If recent comments by arch-conservative Liberals Michael Sukkar and Zed Seselja are anything to go by, Tony Abbott’s ambition to use the government’s proposed National Energy Guarantee against Malcolm Turnbull is doomed to fail.
It’s likely neither of those names mean anything to you.
And unless you’re a regular watcher of Sky News in the morning, you’d probably be hard pressed to pick either junior minister from a line-up.
Although neither man is a household name, both ambitious young parliamentarians are the canaries in the coalmine when it comes to any real leadership trouble for the Prime Minister. So it pays to give close attention to their utterances.
Mr Sukkar and Senator Seselja are lieutenants to the conservative Liberal heavyweights Peter Dutton and Mathias Cormann. The foursome reportedly are a “very tight unit” that serves as a kitchen cabinet within Mr Dutton’s infamous Monkey Pod lunch club for conservative MPs.
According to a news media outlet with strong ties to the conservative side of politics, The Daily Telegraph, Mr Dutton and Senator Cormann set strategy for the Liberals’ right faction, while Messrs Sukkar and Seselja are “responsible for day-to-day management of the group, co-ordinating their views and responses and disseminating information”.
Judging from their regular appearances on Sky News, the two young conservatives use the news network as part of that co-ordination effort, publicly reinforcing what they’ve been saying privately to their colleagues. And right now, that message is “don’t destroy the National Energy Guarantee”.
Just yesterday, Senator Seselja used a Sky News appearance to confirm that “without a doubt” the majority of the Coalition party room supported the PM and his Energy Minister Josh Frydenberg on the NEG.
Senator Seselja praised Mr Frydenberg, saying the minister was doing “an outstanding job” and “I’m sure what he will get in the end of it is an outstanding policy that delivers reliable energy, affordable energy, and also meets our international obligations”.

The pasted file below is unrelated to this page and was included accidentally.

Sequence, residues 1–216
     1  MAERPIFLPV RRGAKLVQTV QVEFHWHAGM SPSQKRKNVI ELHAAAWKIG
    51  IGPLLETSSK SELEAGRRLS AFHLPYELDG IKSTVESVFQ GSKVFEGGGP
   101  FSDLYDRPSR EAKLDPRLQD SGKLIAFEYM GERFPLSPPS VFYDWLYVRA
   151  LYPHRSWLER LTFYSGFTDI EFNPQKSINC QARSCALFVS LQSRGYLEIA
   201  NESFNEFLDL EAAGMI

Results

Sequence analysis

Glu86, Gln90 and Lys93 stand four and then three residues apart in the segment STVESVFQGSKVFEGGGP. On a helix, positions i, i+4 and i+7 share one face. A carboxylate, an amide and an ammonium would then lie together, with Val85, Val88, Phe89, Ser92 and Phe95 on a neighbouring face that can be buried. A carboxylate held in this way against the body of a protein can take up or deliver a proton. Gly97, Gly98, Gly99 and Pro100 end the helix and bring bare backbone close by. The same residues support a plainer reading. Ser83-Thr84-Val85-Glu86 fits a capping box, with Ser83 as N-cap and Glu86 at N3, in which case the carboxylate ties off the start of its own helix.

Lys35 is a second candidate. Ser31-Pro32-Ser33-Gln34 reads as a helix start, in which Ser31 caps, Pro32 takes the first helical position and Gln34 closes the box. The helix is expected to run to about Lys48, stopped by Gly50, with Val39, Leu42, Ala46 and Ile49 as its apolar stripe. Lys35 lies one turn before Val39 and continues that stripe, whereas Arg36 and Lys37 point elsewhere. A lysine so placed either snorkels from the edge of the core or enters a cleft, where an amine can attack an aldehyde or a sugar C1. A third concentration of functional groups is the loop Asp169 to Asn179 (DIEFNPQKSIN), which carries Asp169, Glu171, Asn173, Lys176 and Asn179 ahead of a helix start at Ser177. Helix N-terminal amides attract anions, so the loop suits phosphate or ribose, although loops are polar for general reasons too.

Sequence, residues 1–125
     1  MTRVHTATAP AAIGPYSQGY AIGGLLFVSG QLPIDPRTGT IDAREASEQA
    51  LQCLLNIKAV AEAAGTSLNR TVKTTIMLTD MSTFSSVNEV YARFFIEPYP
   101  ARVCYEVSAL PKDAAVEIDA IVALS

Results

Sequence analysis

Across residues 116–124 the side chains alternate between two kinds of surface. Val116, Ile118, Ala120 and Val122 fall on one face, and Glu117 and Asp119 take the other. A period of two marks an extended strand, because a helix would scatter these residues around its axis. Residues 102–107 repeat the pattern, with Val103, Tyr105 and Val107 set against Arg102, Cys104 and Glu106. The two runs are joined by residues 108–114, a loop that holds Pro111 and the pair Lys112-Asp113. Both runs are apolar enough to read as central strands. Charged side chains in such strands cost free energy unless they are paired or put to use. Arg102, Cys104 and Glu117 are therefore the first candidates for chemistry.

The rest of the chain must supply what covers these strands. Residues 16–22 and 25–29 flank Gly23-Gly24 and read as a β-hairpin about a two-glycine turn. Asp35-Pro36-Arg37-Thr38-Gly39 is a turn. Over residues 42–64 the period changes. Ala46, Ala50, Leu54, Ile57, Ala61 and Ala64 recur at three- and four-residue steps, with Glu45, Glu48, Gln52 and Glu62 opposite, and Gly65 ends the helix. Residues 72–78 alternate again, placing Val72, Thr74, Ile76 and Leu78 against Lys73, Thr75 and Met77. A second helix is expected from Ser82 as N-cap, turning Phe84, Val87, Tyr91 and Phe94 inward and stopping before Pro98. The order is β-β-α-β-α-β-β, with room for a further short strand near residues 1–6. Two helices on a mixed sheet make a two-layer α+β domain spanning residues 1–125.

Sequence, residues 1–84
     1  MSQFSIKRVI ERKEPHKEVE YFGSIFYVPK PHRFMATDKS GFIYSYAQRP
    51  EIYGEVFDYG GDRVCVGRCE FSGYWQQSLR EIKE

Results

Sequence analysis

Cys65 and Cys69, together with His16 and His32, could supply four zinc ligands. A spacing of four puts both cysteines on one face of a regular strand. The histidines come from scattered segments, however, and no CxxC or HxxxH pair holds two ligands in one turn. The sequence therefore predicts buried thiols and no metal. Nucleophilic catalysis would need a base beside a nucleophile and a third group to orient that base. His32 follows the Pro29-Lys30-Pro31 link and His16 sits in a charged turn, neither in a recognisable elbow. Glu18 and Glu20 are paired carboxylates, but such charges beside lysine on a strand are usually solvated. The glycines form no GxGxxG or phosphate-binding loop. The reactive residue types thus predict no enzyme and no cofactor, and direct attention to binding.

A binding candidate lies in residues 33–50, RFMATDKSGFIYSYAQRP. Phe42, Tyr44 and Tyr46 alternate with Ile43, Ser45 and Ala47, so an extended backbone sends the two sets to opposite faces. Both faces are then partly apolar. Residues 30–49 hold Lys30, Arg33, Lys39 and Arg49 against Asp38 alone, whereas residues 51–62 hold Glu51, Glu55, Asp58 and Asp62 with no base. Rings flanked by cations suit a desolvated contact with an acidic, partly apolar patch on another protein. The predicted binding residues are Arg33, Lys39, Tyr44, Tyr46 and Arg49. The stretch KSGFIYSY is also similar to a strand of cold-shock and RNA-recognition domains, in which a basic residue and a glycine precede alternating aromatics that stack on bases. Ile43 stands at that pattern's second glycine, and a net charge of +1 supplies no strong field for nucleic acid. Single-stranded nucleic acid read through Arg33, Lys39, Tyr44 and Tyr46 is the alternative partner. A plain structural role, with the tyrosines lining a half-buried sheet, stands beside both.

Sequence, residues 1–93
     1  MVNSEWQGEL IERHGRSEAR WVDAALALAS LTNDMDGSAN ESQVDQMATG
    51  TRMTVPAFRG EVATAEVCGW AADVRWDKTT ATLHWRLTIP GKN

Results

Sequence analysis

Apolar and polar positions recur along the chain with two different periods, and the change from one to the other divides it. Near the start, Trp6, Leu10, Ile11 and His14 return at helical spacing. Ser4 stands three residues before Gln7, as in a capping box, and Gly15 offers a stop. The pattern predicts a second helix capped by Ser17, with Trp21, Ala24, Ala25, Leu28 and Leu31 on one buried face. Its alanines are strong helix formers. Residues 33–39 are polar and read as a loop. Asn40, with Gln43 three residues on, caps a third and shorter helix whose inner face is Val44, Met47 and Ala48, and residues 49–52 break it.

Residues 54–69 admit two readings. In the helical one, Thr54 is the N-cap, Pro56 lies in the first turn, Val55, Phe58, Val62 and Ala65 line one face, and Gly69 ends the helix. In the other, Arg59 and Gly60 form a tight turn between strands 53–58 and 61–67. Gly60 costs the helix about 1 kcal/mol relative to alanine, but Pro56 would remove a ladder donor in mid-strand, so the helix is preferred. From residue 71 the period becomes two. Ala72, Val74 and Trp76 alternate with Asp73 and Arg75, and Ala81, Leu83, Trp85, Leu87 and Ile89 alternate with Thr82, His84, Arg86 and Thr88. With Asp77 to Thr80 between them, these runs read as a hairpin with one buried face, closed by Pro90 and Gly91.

Mr Sukkar sang from the same song sheet last week, on the same day that previews of Mr Abbott’s ‘leave Paris’ speech appeared in the media.
During his Sky News interview Mr Sukkar said: “I really do take my hat off to Minister Frydenberg. He’s taken on a fraught policy area … and he’s done it in a way I think even our staunchest critics in the Labor Party find hard to criticise, the approach he’s taken with the NEG … Josh has, in a reasonably laser-like fashion, focused on stability and price and I think that’s what the party room’s willing him on to do.”
It would be a mistake to interpret the comments by either MP as a softening of their conservative principles. Both men remain hard-core conservatives.
Senator Seselja, who represents the ACT, abstained from voting on the marriage equality bill after saying he’d respect the wishes of the territory’s voters. More recently he backed a Senate motion denouncing the creation of exclusion zones around abortion clinics in NSW.
Meanwhile, Mr Sukkar is part of the conservative push in Victoria to rid the Liberals of moderates, which he’s described as socialists and termites that must be crushed.
The only thing that is more undeniable than their conservative credentials is the ambition and determination of Zed Seselja and Michael Sukkar to stay on the government frontbench. It was Mr Turnbull, not Mr Abbott, who put them there.
As long as Messrs Seselja and Sukkar continue to believe Malcolm Turnbull is the man to keep them there, Tony Abbott has zero chance of being drafted by the ascendant conservative forces within the Liberal Party to lead it again.